Tuesday, July 7, 2020

Vietnam festivals is distinguished by regions and religions

Vietnam festivals is distinguished  by regions and religions. Each local festival is based on the myth of its guardian spirit hero.


Each local festival is based on the myth of its guardian spirit hero. For example, in the myth of the hero Phu Dong, a three year old mute child quickly grew into a giant warrior to fight off the northern invaders. During the festival commemorating Phu Dong’s achievements, four strong and handsome “generals” are selected among a village of young men. These “generals” lead other young men to the river’s edge in a dramatic re-enactment of the decisive battle against the invaders. At the Keo pagoda in Thai Binh province, boat races performed yearly represent the journey of the village guardian, a mystic monk named Khong Lo. The miracle-performing monk, a healer, journeyed to the capital to cure the king. In Le Mat village, the myth of the village hero killing the monster snake is re-enacted by a powerful villager performing a warrior dance around a “snake.” The “snake” is played by nine village youths.

If festivals are religious events, then what religion do they represent? Taoism was born in the end of the second century in China. When it came to Vietnam it mixed with local folk beliefs and practices. Taoism in Vietnam became a richly textured religion of gods, super heroes and ghosts, and it integrated shamanism, agricultural religious beliefs, ancestor worship and the worship of heroes, especially the guardian spirit of the village. Buddhism developed in Vietnam in the Middle Ages and became the spiritual foundation of ordinary people, while Confucianism became the basic ideology of intellectuals and state officials called mandarins. When Buddhism integrated with Taoist and folk beliefs in Vietnam, it became transformed into a new religion, called “Folk Buddhism.” For example, the folk-female Vietnamese deity, the goddess of rain, merged with the Buddhist pantheon. She is still worshipped for her powers over rain at the Dau Buddhist pagoda where her statue is larger than Buddha’s. A yearly festival is organized to pray to her for rain and a good crop. Festivals are an encyclopedia and living museum of Vietnamese spiritual and cultural activities, of mores, traditions and mythology. That is why to understand traditional Vietnamese people whose civilization evolved from the region of the Red River, one will want to understand their festivals. So long as their presence doesn’t distract from the sanctity of the occasion, villages along Red River delta welcome visitors to their festivals.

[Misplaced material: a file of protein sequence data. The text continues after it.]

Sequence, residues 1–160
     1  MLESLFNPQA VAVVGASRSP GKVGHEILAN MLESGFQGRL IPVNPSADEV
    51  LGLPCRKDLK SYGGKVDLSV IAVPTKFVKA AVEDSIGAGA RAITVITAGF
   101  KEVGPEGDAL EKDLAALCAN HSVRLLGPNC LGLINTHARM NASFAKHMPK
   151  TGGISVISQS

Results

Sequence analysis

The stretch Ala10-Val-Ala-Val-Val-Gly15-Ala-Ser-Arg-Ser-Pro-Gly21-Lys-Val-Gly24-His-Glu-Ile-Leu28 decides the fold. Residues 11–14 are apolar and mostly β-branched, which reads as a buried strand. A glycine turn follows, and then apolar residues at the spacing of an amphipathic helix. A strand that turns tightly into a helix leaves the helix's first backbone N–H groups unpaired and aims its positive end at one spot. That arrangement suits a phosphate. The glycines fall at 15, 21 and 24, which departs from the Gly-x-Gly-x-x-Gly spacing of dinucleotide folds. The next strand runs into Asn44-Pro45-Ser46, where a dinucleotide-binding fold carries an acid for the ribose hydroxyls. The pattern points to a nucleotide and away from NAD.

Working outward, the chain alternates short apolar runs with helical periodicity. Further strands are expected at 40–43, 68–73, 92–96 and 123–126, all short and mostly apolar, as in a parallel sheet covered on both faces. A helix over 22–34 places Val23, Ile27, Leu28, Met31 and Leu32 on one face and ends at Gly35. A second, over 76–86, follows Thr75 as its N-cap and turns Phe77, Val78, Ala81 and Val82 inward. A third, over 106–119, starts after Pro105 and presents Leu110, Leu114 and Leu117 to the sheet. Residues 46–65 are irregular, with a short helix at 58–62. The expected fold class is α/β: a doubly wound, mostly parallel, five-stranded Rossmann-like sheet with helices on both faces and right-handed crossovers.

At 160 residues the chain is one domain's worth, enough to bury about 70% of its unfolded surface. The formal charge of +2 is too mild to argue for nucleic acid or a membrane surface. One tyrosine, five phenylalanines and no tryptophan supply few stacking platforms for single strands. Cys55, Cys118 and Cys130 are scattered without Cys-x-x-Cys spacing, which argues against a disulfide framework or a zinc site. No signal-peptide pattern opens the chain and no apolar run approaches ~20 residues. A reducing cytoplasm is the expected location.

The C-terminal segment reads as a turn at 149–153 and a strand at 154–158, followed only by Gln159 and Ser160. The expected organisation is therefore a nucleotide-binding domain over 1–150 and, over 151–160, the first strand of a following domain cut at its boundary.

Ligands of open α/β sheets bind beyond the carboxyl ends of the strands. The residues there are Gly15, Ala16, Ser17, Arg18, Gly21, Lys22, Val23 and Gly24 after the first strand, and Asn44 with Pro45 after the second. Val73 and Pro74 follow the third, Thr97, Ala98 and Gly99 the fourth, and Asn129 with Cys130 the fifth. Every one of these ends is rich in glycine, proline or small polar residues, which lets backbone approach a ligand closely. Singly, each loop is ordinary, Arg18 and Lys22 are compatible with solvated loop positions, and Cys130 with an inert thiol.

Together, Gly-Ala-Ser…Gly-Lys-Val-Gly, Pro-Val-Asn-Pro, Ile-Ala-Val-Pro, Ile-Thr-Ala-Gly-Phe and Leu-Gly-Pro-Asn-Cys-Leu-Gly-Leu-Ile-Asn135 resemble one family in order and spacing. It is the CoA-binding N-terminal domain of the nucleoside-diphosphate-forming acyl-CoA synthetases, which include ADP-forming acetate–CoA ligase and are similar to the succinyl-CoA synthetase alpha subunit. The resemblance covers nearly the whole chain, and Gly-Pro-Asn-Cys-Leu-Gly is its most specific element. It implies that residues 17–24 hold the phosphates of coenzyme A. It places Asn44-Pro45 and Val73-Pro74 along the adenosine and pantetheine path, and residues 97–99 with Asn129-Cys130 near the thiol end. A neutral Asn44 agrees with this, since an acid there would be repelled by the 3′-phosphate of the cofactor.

Thu nhỏ
Travel consultancy